But how could this happen? Vaccines are studied and developed all over the world. This is not a case of one or two companies based in a few countries. This is companies, universities, hospitals and governments working across national, class, language, wealth, political, ecological, religious and just about any other divide you may care to mention.
There are literally thousands of researchers as well as health care providers from the health care worker in a clinic up to the CEO of the health department.
There are ethics boards which include lay members of the public approving the research.
There are statisticians and data entry operators who know what information is going in during both research and monitoring and where it is coming from.
At this point you have three options.
- Vaccines are helpful because the interlocking grid of different loyalties, beliefs and backgrounds of the tens of thousands of people involved help to ensure that vaccine research, use, regulation and monitoring is stringently overseen and problems are quickly picked up.
- Vaccines are harmful and the researchers, regulators and health workers are too incompetent to see the dangers and disasters happening around them, but they can be detected by a simple check of the product insert when you have a vaccination appointment.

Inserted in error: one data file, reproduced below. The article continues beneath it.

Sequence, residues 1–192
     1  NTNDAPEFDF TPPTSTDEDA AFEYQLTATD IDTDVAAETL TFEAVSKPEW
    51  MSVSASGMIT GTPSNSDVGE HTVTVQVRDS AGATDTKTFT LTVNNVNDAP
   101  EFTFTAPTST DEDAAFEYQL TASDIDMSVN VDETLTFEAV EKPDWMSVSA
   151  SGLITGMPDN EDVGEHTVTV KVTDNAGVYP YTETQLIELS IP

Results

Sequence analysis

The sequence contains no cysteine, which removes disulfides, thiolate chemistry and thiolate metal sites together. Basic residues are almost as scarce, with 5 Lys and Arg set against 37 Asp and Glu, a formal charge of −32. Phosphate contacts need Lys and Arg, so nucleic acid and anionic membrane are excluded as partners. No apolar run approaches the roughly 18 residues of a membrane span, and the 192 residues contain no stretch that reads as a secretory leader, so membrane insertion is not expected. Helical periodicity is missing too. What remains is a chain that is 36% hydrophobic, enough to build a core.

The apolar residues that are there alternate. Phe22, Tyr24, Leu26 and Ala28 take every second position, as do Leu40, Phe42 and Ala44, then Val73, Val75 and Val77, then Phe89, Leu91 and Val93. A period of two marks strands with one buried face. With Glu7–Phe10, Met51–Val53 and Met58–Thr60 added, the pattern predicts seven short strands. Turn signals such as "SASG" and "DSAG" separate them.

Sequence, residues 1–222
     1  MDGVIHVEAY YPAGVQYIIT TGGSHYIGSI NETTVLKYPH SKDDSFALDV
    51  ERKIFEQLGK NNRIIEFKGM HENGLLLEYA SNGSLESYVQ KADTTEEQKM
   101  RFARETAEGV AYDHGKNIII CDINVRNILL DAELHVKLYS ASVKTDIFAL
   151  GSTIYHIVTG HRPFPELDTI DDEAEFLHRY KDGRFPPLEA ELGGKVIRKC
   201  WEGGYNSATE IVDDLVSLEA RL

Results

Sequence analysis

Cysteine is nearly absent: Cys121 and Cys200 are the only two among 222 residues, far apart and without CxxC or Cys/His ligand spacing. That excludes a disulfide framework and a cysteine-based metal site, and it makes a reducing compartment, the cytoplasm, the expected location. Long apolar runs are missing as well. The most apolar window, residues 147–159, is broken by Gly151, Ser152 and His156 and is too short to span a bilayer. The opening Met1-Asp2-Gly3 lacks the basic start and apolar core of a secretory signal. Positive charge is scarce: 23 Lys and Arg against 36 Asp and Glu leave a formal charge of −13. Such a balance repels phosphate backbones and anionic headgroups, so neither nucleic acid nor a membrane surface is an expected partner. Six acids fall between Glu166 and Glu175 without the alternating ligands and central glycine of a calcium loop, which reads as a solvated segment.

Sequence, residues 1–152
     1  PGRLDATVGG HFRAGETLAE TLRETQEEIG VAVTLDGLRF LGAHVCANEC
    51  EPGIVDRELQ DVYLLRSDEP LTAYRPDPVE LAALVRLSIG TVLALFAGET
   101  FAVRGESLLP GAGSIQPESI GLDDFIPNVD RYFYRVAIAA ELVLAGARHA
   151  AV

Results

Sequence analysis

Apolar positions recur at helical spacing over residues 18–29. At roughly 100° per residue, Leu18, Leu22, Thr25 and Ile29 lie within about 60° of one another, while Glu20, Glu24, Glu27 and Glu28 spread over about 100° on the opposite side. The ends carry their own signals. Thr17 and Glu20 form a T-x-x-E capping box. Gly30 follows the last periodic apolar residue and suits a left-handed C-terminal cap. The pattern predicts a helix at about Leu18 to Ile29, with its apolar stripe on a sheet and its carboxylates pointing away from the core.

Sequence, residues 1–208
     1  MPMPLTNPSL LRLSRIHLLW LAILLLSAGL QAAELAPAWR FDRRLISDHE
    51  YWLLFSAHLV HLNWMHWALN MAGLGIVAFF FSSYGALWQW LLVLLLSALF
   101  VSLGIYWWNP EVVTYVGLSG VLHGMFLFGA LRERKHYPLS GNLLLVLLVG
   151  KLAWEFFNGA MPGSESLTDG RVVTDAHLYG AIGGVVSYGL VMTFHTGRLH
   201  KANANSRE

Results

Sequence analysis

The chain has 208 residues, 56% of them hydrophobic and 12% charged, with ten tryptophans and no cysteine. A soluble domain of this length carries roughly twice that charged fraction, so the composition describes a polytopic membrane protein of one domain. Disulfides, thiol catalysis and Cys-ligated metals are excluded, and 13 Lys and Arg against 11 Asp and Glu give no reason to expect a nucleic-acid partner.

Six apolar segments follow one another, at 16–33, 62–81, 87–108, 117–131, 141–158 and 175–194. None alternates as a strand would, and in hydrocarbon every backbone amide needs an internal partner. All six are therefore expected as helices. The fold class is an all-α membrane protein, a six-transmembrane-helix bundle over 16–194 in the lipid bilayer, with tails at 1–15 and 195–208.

- Vaccines are harmful and it is a conspiracy. The tens of thousands of researchers, health workers, statisticians, ethics boards and especially regulators know that vaccines are evil, but they ignore it or actively cover it up and allow them to continue to maim and kill. They vaccinate their own children and allow them to be poisoned. Somehow this global conspiracy (which is a lot more successful getting people to work together than any attempts at world peace) has kept the secret and fooled us all except for the dedicated few. You probably know several of these evil people who are hurting your children.
And that’s it. Either the immense amounts of time, money and effort put into ensuring vaccines are safe are working, or it’s a conspiracy to hide the bad news. Thousands of people in different countries and systems cannot accidentally miss a major problem for decades.
And that is why I say – All anti-vaccination rhetoric is based on conspiracy theory.
It may sound prudent, it may sound logical. But it can only rest on the silence of thousands.
Rather than linking to other sites that have all sorts of facts about vaccines, I’m going to assume you can find them yourself. The link I’m giving you is even better – it’s the WHO Global Advisory Committee on Vaccine Safety “Good information practices for vaccine safety web sites.” In other words, it tells you how to evaluate a website and decide for yourself if it is reliable or not. Have a look before you scoff at the source.
I very rarely edit or moderate comments, but in this case I’m going to. This post is an experiment in avoiding myths, which will go out the window if they are paraded all over the comments. So while I’m happy for robust debate about the post itself, either the content or method, please do not mention specific claims. Minor ones will be edited if possible, if not the comment will not be approved.